A self-help group (SHG) is a group of 15 to 20 people who meet together each week to support each other financially and encourage one another. Many groups are made up entirely of women. SHGs are an incredibly effective way for people to lift themselves out of poverty.
But their impact goes beyond money. Self-help groups offer connection, support, and inclusion for people who are too often overlooked or left out: women and people with disabilities.
SHG members are often the poorest and most vulnerable people in the community when they first join the group. They start by saving small amounts regularly, and then begin taking out small loans from the group at a low interest rate. Members often use the money to start or expand their own businesses. They also receive small-business training.
"The business provides consistent income for us. Being able to provide for my family means I do not have to rely on others for help any more."- Sahra, Somaliland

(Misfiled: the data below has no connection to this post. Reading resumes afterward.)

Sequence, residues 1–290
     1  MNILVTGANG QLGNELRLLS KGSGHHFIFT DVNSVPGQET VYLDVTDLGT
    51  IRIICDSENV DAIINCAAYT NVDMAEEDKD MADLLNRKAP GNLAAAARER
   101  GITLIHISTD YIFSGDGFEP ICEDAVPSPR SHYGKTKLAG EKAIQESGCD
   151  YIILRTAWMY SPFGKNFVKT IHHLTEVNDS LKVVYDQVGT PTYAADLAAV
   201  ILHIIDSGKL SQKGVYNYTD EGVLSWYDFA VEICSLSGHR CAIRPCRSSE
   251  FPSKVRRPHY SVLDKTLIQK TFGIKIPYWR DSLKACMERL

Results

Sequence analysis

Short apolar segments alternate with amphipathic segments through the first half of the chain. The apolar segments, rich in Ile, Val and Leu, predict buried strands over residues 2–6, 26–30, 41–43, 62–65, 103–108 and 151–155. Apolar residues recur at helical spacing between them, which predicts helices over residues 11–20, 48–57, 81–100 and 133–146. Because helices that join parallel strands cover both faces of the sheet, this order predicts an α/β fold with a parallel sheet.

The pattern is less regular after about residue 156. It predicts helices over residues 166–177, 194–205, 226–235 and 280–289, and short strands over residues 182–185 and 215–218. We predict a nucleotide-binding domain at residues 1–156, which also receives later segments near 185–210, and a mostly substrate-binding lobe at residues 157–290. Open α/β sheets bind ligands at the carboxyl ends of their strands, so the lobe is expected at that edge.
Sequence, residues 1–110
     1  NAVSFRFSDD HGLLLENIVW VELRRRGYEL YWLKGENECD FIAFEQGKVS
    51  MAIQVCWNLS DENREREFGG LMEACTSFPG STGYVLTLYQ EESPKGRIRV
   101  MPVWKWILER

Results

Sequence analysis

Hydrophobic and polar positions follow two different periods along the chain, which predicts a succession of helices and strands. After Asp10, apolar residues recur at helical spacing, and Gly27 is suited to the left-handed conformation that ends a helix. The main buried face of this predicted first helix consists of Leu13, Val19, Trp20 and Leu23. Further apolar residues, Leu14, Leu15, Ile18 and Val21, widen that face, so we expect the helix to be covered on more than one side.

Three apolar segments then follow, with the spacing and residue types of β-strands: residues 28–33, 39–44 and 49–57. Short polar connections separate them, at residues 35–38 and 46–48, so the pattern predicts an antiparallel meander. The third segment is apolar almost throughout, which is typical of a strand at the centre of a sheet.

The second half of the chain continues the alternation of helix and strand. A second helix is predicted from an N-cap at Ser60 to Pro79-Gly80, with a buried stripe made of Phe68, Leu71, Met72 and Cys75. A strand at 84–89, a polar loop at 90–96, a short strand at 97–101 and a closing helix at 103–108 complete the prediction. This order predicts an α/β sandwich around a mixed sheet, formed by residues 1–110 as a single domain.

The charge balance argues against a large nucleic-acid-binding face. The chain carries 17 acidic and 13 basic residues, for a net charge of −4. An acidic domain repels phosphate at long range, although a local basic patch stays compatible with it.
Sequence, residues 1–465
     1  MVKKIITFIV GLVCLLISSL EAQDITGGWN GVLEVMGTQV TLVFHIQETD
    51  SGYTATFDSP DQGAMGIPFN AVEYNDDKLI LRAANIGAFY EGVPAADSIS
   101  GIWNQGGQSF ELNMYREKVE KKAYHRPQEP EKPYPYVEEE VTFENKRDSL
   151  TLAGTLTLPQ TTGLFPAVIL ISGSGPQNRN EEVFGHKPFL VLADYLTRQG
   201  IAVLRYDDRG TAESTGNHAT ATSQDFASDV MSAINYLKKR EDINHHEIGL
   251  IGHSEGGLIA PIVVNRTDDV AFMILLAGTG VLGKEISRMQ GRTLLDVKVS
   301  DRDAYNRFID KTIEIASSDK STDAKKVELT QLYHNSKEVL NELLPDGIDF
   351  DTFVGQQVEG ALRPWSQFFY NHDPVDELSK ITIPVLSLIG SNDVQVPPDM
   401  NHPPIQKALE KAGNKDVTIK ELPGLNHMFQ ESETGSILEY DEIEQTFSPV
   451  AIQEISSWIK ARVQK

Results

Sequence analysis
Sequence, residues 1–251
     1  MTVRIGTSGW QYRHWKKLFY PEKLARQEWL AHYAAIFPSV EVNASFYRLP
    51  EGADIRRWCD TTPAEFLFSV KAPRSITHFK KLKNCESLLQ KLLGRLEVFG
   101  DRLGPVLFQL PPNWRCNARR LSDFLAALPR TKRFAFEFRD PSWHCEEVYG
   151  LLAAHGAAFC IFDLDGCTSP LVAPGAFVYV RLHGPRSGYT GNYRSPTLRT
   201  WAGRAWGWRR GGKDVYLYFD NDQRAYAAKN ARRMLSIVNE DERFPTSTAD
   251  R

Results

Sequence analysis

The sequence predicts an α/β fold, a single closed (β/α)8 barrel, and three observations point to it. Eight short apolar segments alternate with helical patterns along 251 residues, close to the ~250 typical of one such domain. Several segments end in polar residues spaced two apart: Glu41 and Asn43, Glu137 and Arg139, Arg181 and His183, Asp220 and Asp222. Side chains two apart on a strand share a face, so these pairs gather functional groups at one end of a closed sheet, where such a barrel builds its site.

Members of SHGs find they benefit from far more than just financial success. The groups focus on building strong, trusting relationships between members. Some groups also meet regularly for prayer and worship together.
"I can’t express in words what my group means to me. They are my sisters – we support each other in everything." - Meseret, Ethiopia
Belonging to the group helps members realize they have the ability and resources to improve their own situation. They gain new confidence and a voice. Many women report improved gender relations in their homes and communities. In Myanmar, Tearfund’s partner The Leprosy Mission is using SHGs to transform the lives of people with disabilities.
"Before, people with disabilities had to hide and we were alone. But now we can come forward and live among other people. We have self-respect."- U Soe Win, Myanmar
During Women’s History Month, we hope to see more women worldwide rise above injustice and reach their God-given potential. You can help us. Your small gift today can help women and people with disabilities join self-help groups and lift themselves out of poverty.
This post originally appeared in Footsteps 103.
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